Culture, Food & Wine // 5 min Read

A Different Kind of Lowcountry Boil

Written by Molly Clancy

Jan 9, 2019

Every year on the Saturday before Thanksgiving, the extended Rahn family gathers with friends, significant others, and a random acquaintance or two around a massive cast-iron kettle watching cane juice boil into syrup. Mike Rahn, head of the family and longtime fixture at the Bluff, hauls up a huge pull-behind grill (it can hold 60 chicken halves), everyone brings a dish, and the party kicks off a week of cooking, eating, visiting, and celebrating, capped by Thanksgiving and lots of college football.

After a bit of persuading, Mike’s son, Palmetto Bluff Conservancy Land Technician Shane Rahn, explained the nuances of this age-old family tradition and the technicalities of their old-world method. “My granddaddy started it more than 75 years ago,” Shane says. “They shared the boiler shed with another family back then, but about 18 years ago, my dad, uncle, and granddaddy built our family’s boiler shed.”

The Rahns grow their own sugarcane. It is planted a year in advance and usually harvested around Thanksgiving when the cane is at its sugariest—before the first frost, which can ruin the crop. Early in the morning on the day of the boil, the family cuts the cane with special knives made for the task, selecting the best stalks and shucking them in the field.

The stalks are then squeezed through a roller mill to extract the juice. “When Granddaddy started making cane syrup, the mills were powered by donkeys or horses,” Shane explains. “When we built our boiler shed, my family rigged a truck engine to run the mill instead.” They calculated the perfect gear ratio and torque required to pull the stalks through the mill at the right speed.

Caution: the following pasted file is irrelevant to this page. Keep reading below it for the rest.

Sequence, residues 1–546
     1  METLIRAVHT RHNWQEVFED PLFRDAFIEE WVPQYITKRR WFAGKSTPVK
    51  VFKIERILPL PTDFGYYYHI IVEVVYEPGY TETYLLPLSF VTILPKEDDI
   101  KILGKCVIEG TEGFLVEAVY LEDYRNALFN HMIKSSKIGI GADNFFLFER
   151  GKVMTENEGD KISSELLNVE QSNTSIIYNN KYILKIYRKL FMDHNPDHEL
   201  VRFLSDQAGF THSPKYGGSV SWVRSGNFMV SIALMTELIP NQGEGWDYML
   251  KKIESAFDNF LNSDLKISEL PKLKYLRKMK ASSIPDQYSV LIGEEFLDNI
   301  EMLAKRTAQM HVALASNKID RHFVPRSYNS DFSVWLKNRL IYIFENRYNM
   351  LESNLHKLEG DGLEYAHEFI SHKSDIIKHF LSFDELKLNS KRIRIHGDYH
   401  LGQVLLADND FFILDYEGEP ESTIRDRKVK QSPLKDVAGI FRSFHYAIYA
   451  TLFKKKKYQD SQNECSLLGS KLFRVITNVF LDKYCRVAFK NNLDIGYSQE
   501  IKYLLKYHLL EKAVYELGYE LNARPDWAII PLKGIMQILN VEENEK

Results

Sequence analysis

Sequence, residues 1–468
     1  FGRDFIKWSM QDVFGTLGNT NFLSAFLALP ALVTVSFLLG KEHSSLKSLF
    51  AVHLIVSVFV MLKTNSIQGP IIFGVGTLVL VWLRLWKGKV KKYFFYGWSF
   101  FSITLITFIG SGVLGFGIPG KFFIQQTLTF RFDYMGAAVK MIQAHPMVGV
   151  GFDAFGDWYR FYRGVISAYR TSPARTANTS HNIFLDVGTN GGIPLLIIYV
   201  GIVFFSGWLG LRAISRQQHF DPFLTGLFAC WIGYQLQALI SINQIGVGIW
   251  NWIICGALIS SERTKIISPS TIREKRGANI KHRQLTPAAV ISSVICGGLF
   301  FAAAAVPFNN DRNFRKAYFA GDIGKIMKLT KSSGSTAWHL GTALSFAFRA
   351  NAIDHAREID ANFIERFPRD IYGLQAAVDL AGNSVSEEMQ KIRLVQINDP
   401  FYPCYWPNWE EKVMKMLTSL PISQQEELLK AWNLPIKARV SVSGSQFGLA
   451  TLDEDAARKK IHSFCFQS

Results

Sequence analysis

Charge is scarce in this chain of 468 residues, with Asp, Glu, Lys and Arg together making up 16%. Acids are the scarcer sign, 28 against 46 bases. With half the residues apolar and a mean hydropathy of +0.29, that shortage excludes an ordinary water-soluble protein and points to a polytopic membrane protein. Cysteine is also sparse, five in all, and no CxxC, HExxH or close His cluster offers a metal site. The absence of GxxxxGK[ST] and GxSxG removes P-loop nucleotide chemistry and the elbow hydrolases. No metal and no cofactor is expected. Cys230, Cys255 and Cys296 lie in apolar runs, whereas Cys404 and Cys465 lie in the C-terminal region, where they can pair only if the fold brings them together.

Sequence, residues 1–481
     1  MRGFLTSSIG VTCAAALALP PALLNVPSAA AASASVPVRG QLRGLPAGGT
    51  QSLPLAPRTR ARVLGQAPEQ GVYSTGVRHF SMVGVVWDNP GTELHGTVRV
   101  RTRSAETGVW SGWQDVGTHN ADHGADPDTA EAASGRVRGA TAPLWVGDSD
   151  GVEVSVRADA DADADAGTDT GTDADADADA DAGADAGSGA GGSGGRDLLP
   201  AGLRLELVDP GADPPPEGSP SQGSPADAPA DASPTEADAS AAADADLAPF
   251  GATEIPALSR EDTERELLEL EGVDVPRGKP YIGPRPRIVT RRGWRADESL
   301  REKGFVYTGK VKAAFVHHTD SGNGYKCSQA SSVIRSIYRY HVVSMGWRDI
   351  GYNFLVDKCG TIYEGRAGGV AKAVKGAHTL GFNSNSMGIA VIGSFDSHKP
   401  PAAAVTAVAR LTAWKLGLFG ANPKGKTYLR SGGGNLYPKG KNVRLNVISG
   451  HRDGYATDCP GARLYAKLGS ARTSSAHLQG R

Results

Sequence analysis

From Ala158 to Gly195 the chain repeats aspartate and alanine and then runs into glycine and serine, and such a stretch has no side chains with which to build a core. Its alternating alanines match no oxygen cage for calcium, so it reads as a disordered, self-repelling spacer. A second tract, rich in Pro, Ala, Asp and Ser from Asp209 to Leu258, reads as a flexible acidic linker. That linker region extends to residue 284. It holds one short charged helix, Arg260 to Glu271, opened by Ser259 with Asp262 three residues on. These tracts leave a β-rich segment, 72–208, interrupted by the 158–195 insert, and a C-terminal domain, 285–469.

The extracted juice runs through a bed of pine straw and hay to filter the larger bits of debris. Then it is pumped into a tank on the back of a tractor to be taken to the boiler shed and dumped into the kettle. I haven’t personally seen the kettle, but I’ll take it from Jack Hitt of Garden & Gun when he says, “There is no good English word for the simple beauty of this stunning object. It is pure cast iron and shaped like an outsized cereal bowl. You could wash a couple of children in this thing or use it as a birdbath for pterodactyls.”

The first boil takes about four and a half hours. “The pot’s gotta get warm,” Shane explains. Once the juice begins to cook, the boil brings frothy suds to the surface that must be skimmed away. Constantly. For hours. At this point, everyone starts to be thankful for Mike’s grill and the bounty of BBQ chicken. Make no mistake though, this process is a science. The wood must be pine not oak. If the fire is too hot, the syrup will burn. Too low, the bubbles won’t rise and bring the foam to the top. If it’s pulled too early, the pot will crack. There are always a few people who really know what they’re doing and enough amateurs to share the tasks. As Shane says, “The pot keeps cookin’ and cookin’.” The syrup gets skimmed, the fire gets tended, beers get cracked, and the day winds on. Until it’s time to get the syrup off the boiler before it scorches.

When the bubbles turn copper and the syrup starts to thicken, the experts of the family test the syrup with a hydrometer that measures the density on a scale of one to 100. The sweet spot is right around 32 or 33. Once it hits the right thickness, the syrup gets scooped out into washtubs and filtered one last time before being bottled. The second pot only takes about two hours. Yes, they boil a second pot. At the end of the day, 60 gallons of juice produce about six gallons of syrup. Two boils get them around 12 gallons to share between everyone.

As with most family get-togethers, something always goes wrong. One year, Mike forgot the chicken (heaven forbid). Another time, Shane dropped a pump into the tank of cane juice and had to fish it out. Something gets stuck. Someone grumbles about white cane versus red cane and which is better. Shane doesn’t even particularly like cane syrup, as he somewhat reluctantly admits, but he is proud that he gets to make it with his family. “A lot of people say it’s the best they’ve ever tasted.” The Rahns cherish this tradition. Everyone gets fed and goes home with a jug of pure, homemade cane syrup. Throughout the year, it gets put on anything and everything from grits to caramelized bacon.

Sadly, this tradition is dying out. Even in a world where organic, farm-to-table food is reaching peak popularity, it’s a complicated, time-consuming process that requires the kind of care, preparation, and attention that is hard to come by today. These days, if someone is growing and processing cane, they’re typically doing it for profit. The Rahns just do it for fun.